So you’re sharing a studio space with friends or colleagues – sounds like a creative situation. Having a multitude of creators in one production environment can be highly uplifting.
You tend to “walk in” on new ideas a little more often than usual while getting a good glimpse of other production routines and styles.
This can reflect positively on your own workflow, and therefore boot you up with some pretty great input for your own routine.
Still, sharing a workplace with others means there are certain things you might want to be aware of. Things that you don’t usually think of when producing right out of your bedroom.
So let’s dive into some pointers on shared studio space, to make this experience as smooth as possible.
Smart scheduling is the holy grail
Use Google Calendars. Use moodle. Use whatever you prefer, but dig into a digital scheduling app very soon.
Verbal scheduling can work out for some time, but sooner or later you’re going to need a visual documentation of what’s going on in the shared space.
Try to find a service that everybody feels comfortable with. Be aware that some people are more digitally inclined than others, and you won’t necessarily change workflow habits of others.
Offer some solutions to choose from, so the process is open and democratic.
Keep a clean cave
If you’re working with and alongside a multitude of different creators, you’d better step up your organizing game.
Keep the space clean, keep it organized and leave it the way it was left for you.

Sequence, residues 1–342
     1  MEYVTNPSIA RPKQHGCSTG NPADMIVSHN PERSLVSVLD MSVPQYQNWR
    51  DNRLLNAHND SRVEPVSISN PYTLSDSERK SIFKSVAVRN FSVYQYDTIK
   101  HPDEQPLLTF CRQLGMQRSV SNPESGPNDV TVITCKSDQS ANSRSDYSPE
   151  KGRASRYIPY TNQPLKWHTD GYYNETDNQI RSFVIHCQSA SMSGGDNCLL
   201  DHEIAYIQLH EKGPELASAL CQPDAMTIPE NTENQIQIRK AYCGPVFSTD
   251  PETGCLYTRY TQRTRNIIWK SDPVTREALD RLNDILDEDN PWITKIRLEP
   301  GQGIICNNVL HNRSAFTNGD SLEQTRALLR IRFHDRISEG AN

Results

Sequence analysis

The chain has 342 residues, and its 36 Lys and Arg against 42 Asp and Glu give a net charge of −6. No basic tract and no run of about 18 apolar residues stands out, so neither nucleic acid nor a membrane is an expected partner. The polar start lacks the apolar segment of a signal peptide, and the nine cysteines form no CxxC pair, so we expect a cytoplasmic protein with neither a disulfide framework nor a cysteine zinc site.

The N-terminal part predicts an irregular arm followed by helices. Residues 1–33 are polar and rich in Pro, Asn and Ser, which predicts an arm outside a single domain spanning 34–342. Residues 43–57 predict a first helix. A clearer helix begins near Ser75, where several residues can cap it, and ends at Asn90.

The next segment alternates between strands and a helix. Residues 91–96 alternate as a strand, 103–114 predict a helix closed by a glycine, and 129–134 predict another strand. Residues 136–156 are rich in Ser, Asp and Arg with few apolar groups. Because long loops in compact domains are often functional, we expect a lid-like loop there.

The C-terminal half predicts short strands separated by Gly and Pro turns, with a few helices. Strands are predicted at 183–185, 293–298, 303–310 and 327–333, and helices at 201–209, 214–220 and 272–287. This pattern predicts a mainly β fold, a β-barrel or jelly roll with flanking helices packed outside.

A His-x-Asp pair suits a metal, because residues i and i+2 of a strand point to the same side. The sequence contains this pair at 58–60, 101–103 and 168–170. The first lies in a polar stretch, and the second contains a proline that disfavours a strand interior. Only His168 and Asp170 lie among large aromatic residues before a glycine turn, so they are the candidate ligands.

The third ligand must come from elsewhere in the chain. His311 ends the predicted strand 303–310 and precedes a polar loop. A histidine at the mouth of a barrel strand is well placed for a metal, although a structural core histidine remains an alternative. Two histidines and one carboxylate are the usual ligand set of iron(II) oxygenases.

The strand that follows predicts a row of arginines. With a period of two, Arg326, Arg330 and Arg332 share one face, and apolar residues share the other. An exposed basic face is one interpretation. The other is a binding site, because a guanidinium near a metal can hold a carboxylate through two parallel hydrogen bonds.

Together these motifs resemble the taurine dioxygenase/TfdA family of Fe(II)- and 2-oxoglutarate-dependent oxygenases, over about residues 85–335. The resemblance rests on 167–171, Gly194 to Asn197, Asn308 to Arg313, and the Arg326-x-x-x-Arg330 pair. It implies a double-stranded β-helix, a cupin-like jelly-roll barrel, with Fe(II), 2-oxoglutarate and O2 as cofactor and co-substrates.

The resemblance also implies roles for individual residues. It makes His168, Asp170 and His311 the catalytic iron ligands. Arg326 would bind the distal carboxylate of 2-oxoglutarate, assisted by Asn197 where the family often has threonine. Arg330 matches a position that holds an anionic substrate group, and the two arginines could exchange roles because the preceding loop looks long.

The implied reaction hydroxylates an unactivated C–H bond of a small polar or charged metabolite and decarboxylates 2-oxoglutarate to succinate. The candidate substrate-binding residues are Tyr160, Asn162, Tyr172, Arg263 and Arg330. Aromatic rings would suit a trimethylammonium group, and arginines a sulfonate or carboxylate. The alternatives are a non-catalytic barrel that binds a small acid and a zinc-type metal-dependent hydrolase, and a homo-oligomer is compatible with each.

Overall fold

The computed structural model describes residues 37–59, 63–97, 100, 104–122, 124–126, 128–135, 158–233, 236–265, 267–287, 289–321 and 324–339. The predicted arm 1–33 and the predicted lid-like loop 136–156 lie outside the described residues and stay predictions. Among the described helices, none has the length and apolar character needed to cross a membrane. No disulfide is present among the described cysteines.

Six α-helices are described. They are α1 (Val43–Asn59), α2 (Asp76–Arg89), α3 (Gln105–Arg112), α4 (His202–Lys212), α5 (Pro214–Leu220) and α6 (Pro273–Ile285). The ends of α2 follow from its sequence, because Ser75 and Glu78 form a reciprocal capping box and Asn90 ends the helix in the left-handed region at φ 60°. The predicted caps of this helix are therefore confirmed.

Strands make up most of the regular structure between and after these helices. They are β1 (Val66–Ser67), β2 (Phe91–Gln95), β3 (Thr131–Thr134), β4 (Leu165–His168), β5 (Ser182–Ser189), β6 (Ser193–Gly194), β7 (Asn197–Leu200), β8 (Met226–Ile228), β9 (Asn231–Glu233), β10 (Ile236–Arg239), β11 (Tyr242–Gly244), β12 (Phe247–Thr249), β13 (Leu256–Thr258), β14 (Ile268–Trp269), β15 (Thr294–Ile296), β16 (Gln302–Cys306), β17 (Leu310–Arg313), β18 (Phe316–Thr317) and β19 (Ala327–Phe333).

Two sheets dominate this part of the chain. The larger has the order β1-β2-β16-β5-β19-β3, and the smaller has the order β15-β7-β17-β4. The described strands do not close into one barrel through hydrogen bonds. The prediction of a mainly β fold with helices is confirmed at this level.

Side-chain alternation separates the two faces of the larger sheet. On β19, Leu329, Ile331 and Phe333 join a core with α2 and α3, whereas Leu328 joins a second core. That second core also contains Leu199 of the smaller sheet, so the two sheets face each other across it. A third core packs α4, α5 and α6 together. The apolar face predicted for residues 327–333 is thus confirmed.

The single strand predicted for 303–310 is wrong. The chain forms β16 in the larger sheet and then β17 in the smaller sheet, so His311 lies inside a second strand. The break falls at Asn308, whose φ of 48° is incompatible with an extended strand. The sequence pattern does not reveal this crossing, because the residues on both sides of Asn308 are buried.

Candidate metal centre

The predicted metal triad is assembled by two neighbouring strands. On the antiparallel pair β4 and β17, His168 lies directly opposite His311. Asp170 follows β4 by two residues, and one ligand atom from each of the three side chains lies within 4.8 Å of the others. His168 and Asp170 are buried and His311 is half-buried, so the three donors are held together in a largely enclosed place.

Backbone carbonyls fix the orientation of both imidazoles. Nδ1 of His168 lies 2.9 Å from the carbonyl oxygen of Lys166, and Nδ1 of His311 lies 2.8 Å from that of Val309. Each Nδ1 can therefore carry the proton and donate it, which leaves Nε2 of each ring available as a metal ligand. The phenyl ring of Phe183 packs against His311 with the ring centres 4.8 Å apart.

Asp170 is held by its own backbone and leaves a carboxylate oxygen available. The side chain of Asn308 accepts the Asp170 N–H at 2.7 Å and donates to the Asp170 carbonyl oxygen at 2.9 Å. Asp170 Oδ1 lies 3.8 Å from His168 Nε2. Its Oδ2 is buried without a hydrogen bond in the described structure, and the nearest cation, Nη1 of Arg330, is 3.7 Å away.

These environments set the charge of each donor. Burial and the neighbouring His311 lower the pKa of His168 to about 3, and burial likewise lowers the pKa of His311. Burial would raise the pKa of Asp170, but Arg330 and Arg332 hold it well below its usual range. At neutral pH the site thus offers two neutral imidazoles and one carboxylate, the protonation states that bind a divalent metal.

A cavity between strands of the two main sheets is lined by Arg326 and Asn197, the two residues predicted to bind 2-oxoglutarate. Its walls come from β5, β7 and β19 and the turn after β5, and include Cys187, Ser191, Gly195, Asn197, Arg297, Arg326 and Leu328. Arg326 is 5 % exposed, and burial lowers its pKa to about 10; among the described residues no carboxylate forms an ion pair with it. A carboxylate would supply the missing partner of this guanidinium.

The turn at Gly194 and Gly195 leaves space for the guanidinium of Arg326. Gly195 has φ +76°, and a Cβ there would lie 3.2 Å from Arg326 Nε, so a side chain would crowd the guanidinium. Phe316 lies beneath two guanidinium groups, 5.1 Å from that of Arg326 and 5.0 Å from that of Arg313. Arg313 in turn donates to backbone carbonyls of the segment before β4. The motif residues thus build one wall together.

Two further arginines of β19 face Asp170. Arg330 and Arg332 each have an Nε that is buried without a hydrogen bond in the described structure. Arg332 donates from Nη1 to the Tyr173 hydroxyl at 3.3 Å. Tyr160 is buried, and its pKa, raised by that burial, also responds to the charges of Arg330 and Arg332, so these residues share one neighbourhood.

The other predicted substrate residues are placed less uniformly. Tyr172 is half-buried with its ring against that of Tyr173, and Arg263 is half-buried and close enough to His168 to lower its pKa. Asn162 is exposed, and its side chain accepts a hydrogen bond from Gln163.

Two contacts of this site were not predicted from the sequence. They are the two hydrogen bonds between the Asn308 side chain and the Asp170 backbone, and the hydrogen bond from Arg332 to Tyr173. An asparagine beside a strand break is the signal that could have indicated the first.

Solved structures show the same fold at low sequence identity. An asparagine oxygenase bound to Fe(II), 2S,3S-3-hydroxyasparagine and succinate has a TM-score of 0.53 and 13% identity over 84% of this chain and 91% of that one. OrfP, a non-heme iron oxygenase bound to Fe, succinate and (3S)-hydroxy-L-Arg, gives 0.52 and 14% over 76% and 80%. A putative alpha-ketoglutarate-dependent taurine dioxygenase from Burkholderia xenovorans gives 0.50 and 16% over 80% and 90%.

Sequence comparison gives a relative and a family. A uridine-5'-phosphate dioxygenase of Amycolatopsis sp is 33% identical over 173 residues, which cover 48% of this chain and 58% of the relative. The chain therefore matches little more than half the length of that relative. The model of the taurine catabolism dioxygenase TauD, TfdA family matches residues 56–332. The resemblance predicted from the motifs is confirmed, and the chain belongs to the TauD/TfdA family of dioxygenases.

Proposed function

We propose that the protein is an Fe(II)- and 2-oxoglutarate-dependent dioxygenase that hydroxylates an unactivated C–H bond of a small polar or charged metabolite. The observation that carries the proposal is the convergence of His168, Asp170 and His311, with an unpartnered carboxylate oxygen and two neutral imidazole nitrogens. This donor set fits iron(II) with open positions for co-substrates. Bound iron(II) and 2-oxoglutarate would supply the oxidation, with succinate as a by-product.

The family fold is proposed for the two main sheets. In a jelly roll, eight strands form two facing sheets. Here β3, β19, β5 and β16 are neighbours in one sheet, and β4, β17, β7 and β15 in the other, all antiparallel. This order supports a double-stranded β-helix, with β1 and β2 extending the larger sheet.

And that doesn’t mean adding to the mess that somebody else created.
Initiate an open policy on what’s an acceptable form of room and equipment organization.
Try to be empathetic about other inclinations, and be sure to communicate what you’re comfortable with EARLY.
This brings us to the next point
It’s incredibly important to state and open culture of communication.
Remember our pointers on “non-nagging reminders”? That’s something you should best find a groove in.
Remind your colleagues to handle things differently, without the angst of stepping on any toes is vital to a productive atmosphere.
Stress is perfectly normal.
If you’re wrapped up in a creative whirlwind, you will have to meet deadlines and the same goes for your studio-colleagues. These phases can be highly intense, with a lot of emotions cooking up and in the air.
This is why you should try to have regular sessions of deadline disclosure.
Let the others know when you have to deliver certain productions and vice versa.
The more you know about potential stress-factors coming up, the easier you can plan for them and the more smoothly an organizational studio process will run.